Review: Netgear Powerline AV Adapter Kit

Netgear makes powerline fast and easy all at once. (November 22nd, 2009)

Powerline networking products have been on the market for several years but haven't gained mainstream acceptance simply because of Wi-Fi. However, there are instances where power line networking equipment can go where wireless equipment cannot. Those who live in very large homes that are full of interference may be better served with a network that uses the wiring they already have. But is the latest generation of powerline networking solutions up to par with wireless in terms of performance, ease of use, and security? Today we are looking at Netgear’s XAVB1004 Powerline AV Adapter Kit to find out.

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Product Manufacturer: Netgear

Price: $190

The Good

  • Very simple setup.
  • Fast compared to Wi-Fi.
  • Four-port switch.

The Bad

  • Security setup flawed.
  • Dated software.
  • Relatively expensive.

what's in the box, and setting up

The Netgear kit is positioned as a fix for a home entertainment system, and accordingly comes with enough to make an end-to-end connection. The kit includes two pieces of hardware: Netgear's Powerline AV Ethernet Adapter and the Powerline AV Adapter with Ethernet Switch. The AV Ethernet adapter resembles a power brick and is the device that starts your powerline network. This AV adapter is plugged into the wall and an Ethernet cable connects it to your router. The AV adapter with Ethernet switch resembles a common Ethernet switch ,but the uplink function is the powerline network which obviously is connected via the switch's power cable.

Setting up the system is a relative breeze: you simply plug the equipment in and you're up and running almost instantly. There literally is no setup aside from connecting the cables. The AV powerline switch has four Ethernet ports on it and so can accommodate the multi-device setups you're increasingly likely to find in a home theater, such as an Xbox 360 or PlayStation 3 sitting alongside an Apple TV or Sonos ZonePlayer S5.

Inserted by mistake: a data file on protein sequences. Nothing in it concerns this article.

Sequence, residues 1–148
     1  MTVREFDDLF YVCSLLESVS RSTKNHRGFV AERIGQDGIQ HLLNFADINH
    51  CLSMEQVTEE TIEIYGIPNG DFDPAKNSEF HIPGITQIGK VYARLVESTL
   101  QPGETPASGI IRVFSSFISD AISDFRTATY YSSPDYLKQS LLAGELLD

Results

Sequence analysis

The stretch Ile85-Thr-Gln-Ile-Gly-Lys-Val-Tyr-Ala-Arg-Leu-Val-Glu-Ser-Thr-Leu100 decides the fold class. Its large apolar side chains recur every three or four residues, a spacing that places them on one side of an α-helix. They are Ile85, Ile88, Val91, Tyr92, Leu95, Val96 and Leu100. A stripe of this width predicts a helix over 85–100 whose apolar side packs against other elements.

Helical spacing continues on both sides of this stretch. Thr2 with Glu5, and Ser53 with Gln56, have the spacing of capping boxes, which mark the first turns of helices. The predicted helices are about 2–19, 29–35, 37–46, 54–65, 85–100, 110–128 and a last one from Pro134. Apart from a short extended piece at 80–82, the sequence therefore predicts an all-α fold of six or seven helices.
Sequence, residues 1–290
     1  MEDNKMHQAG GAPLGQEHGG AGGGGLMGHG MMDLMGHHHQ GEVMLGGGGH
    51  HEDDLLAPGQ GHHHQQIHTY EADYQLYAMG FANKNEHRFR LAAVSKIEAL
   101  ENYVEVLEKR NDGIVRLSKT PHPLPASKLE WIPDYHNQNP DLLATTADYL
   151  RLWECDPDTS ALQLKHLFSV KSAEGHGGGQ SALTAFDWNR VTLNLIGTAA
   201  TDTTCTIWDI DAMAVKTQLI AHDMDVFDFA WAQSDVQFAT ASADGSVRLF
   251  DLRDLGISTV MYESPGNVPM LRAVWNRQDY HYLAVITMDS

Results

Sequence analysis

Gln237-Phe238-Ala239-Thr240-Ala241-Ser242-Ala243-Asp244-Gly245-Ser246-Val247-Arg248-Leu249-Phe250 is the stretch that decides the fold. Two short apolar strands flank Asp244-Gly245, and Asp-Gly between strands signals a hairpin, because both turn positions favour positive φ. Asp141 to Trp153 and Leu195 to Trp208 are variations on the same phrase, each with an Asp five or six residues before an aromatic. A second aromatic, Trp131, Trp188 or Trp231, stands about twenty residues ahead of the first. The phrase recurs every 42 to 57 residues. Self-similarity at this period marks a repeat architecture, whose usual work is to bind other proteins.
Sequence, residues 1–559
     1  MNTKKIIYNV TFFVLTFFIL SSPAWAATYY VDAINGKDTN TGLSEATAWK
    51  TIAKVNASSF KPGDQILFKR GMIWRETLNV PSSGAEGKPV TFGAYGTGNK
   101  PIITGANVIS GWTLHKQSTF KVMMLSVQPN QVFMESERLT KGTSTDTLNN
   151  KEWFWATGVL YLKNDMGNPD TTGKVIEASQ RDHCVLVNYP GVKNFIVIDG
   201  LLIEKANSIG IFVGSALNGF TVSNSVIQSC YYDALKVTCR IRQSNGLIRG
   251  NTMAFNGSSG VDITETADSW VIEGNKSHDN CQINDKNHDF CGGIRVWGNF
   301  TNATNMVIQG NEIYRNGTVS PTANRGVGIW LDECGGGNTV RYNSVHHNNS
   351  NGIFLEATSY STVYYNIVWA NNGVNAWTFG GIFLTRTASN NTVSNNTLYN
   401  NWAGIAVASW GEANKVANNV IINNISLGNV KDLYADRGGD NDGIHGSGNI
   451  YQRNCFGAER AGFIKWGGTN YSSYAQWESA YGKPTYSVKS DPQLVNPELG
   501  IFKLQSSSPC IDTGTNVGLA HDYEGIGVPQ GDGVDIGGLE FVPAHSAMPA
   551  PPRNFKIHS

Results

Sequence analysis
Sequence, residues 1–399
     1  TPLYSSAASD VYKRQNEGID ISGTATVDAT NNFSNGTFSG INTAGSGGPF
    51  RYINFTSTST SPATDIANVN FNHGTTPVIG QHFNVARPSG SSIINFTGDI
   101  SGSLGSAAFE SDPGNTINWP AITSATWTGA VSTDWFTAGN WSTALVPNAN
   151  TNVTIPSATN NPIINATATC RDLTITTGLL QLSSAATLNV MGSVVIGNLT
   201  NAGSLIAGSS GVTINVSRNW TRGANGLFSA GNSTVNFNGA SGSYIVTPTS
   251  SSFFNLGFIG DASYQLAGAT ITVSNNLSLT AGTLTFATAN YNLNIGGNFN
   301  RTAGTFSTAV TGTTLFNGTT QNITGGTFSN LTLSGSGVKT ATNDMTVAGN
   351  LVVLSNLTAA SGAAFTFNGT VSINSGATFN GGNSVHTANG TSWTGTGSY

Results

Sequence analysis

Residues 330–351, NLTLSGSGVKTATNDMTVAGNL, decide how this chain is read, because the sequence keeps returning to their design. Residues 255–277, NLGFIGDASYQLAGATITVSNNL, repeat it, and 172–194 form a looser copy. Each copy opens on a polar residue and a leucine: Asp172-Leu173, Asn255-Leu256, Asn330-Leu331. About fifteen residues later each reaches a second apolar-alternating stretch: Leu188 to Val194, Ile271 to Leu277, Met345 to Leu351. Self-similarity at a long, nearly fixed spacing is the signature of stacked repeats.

security, software, and performance

Like wireless networking equipment, powerline networks also have encryption to prevent unwanted users from accessing your network; while it's more secure than wireless as it needs physical access to a power plug, those in apartments or offices will want to address the security of a powerline network in case the power grids are linked.

Netgear offers users two ways to enable security on their powerline network: one is through a one-touch button setup and the other is through software similar to the wireless router interfaces many users are familiar with. We had issues with getting either method to properly secure the network. When trying the one-touch button method, the equipment seemed to lock up and required hard resets. When trying the dated-looking software bundle, we altered settings repeatedly but never received confirmation that the software properly applied the settings to the equipment.



Regardless of our troubles with the security settings, we were impressed with the powerline equipment because of its speed. We tried several hours of Xbox 360 multiplayer play over the powerline connection and streamed some 1080p videos from computer to computer. Our experience felt every bit as fast as when we use a traditional Ethernet connection and our wireless video streaming started instantly without any buffering or artifacts. While it's not as fast as gigabit Ethernet -- a potential hurdle for those who transfer large files often -- it's fast enough at 200Mbps to outpace typical 802.11n Wi-Fi and some older 100Mbps Ethernet links.

wrapping up

Netgear's powerline networking equipment is dead-simple to setup and, practically speaking, very fast. All the same, security setup and the quality of the software may be issues. For users who are not living in single-family homes, we would advise you check that the network is encrypted before you commit to keeping the network in place. For those who don't find network security an issue, though, the Netgear Powerline AV Kit is an exceptional solution, even with a relatively steep official $190 price.

by Kelcey Lehrich


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